Zoom hacking saga shows why cyber hygiene is so important

Conventional wisdom dictates that good things don't come easily, and if they do, users should be wary.

Web conference tool Zoom was recently thrust into the spotlight over the ease of trolling and alleged privacy violations on its platform, raising concerns about the security of similar tools that offer "frictionless" access.

San Francisco-based Zoom's tool is popular for two reasons:

* People want to connect remotely with colleagues, business partners and friends in the midst of the Covid-19 outbreak; and

* It is free and easy to use. People don't need to log in to access a meeting. It offers unlimited free online conferencing that can accommodate up to 100 participants.

Zoom's popularity surged almost overnight, with its user base growing from 10 million users in December last year to 200 million last month.

United States agencies handling the coronavirus response spent a collective US$1.3 million (S$1.85 million) on Zoom technologies last month. The British government hosts critical Cabinet meetings over Zoom. In Singapore, media briefings by the Government also take place over Zoom.

Rivals have made moves to catch up. For instance, Skype's new Meet Now allows hosts to create and share a free meeting. Those who do not have the Skype software installed can still join a meeting over the Web.

For the current Covid-19 lockdown, Webex has also removed the 40-minute limit on free online meetings and increased the number of participants from 50 to 100.


As with any platform, Zoom's popularity in recent weeks has seen corresponding upticks in trolling, in what has come to be known as "Zoombombing".

Trolls have reportedly gatecrashed meetings around the world, including in Singapore, and posted obscene images and offensive comments.

The firm has also attracted at least three lawsuits over its admittedly incomplete end-to-end encryption, security flaws that allow hackers to access users' webcams, and non-consensual transfer of users' data to Facebook.

Thousands of recordings of Zoom video calls were found to be left unprotected and accessible on the Web.

Researchers also discovered that Zoom not only uses easy-to-decrypt hosting technologies, but also sends the encryption keys to China, whose government can ask for the keys.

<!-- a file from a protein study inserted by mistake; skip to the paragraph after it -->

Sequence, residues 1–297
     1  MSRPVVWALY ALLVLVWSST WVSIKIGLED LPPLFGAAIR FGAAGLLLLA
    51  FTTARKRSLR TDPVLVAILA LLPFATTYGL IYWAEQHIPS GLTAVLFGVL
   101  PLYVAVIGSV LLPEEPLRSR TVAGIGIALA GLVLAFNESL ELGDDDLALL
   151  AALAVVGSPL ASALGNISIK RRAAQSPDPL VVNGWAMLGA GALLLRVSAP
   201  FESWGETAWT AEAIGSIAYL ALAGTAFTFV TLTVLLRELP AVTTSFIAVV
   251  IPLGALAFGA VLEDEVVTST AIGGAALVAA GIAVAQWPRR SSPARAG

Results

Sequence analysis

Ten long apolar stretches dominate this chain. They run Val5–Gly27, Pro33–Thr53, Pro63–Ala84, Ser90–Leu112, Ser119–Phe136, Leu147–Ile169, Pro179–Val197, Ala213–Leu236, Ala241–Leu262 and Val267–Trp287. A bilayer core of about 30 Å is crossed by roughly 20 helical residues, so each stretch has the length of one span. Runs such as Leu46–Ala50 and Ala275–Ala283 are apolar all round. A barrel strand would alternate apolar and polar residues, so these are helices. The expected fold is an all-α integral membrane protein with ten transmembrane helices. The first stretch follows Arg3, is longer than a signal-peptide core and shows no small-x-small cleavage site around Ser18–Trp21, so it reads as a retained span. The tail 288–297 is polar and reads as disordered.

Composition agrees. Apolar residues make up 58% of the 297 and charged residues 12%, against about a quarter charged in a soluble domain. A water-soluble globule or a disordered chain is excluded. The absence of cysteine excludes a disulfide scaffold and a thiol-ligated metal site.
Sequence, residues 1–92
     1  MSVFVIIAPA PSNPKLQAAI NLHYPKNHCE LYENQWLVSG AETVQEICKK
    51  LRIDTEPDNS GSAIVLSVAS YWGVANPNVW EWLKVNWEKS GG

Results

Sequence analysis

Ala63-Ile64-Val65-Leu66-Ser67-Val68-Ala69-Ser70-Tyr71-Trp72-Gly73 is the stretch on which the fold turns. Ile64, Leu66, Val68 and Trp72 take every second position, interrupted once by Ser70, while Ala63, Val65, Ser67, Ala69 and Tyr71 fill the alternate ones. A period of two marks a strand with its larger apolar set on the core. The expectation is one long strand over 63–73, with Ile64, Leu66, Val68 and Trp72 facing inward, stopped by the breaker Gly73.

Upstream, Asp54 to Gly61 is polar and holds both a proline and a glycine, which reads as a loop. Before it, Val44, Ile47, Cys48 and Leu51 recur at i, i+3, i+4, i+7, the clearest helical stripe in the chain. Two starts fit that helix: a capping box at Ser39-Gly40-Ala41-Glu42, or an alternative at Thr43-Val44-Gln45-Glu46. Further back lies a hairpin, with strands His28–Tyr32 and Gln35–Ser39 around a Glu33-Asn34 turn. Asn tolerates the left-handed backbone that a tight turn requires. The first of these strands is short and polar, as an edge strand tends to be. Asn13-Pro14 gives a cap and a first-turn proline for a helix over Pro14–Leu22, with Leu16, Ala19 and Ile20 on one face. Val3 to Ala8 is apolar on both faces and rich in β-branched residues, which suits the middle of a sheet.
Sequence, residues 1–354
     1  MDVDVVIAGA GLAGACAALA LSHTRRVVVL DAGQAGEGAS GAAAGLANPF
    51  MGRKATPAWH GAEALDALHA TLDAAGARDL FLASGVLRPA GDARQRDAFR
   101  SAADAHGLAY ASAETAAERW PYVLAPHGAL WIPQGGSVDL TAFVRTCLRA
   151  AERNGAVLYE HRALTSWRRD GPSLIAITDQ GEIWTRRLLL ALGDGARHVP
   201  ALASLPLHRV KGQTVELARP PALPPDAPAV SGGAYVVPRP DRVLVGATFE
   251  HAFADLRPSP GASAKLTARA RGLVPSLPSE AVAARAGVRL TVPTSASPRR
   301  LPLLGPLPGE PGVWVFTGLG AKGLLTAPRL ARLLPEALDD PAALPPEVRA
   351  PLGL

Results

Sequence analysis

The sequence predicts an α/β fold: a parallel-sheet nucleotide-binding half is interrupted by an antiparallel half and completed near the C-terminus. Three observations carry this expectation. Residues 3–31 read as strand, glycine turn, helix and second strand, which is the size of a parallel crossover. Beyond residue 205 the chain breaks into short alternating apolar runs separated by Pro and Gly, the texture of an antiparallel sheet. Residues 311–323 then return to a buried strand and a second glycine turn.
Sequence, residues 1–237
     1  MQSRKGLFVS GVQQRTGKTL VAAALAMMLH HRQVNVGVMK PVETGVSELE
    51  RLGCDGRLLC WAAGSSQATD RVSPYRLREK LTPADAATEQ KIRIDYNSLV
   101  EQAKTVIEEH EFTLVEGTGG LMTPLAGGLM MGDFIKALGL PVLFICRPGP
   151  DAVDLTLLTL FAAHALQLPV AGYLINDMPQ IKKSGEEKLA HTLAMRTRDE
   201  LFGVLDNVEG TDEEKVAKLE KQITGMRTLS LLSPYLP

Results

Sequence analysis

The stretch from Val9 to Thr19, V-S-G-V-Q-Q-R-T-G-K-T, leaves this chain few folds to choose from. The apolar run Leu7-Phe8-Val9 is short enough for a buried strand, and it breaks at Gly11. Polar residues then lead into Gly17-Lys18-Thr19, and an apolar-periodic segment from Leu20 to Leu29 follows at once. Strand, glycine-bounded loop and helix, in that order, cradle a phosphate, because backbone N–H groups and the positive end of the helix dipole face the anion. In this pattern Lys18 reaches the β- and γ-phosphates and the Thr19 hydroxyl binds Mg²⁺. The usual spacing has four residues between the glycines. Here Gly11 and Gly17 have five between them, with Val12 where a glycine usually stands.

Understandably, the authorities in Taiwan, Malaysia and Germany as well as schools across the United States and companies such as Google are concerned and have banned the use of Zoom.

To repair its damaged reputation, Zoom's chief executive Eric Yuan earlier this month announced a 90-day freeze on releasing new features, to let the company focus on fixing privacy and security issues.

Until recently, Zoom users on its free tiers and cheapest paid ones have not had to key in a password to enter an online conference. The mandatory password feature was turned on only on April 5.

Also recently turned on was a feature that requires people joining meetings to wait in new virtual waiting rooms before being granted access by the host.

Mr Yuan's links to China could have exacerbated users' fears. He was born in Shandong province and attended university there before going to the United States in the 1990s. Although he now lives in California, much of Zoom's research and development takes place in China, where it has 700 employees.


Other similar tools are not off the hook.

"Some of the security issues brought up against Zoom also exist in other conferencing software," said cyber-security expert Aloysius Cheang of London's Centre for Strategic Cyberspace + International Studies.

Even paid services like Microsoft's Skype for Business, Cisco's Webex and Google's Hangouts Meet have not made both password entry and waiting room features mandatory, he said.

While fixing flaws exploited by hackers is often a "whack-a-mole" endeavour to be undertaken by software makers, users too can do their part to be safe.

The same precautions apply to all conferencing software:

1 For one-off meetings, use a random identity for extra security. Don't use your personal meeting identification (PMI) unless you have meetings with the same people regularly. Once a participant has the link to your PMI, he can join the meeting at any time - unless you lock the meeting or use the waiting room feature to admit participants individually.

2 Enable the waiting room feature, if there is one. This allows you, as the host, to see the people attempting to join the meeting before allowing them access. Even so, it may be difficult to tell if a conference joiner called "Tim Cook" is who he says he is.

3 Require a meeting password to be entered to join an invite-only meeting. This will ensure that only those invited can join the meeting.

4 Disable the option for others to join the meeting before the host does. Also, disable screen sharing for non-hosts and the remote control function.

5 Lock a meeting once it starts. This can be done during the meeting by clicking on "manage participants" at the bottom of the screen on Zoom, for instance.

While security and convenience are a fine balancing act for firms, users should not have to trade their privacy for convenience.

Zoom's saga serves as a reminder that cyber hygiene is just as important as physical hygiene during this Covid-19 pandemic.

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A version of this article appeared in the print edition of The Straits Times on April 10, 2020, with the headline Zoom hacking saga shows why cyber hygiene is so important. Subscribe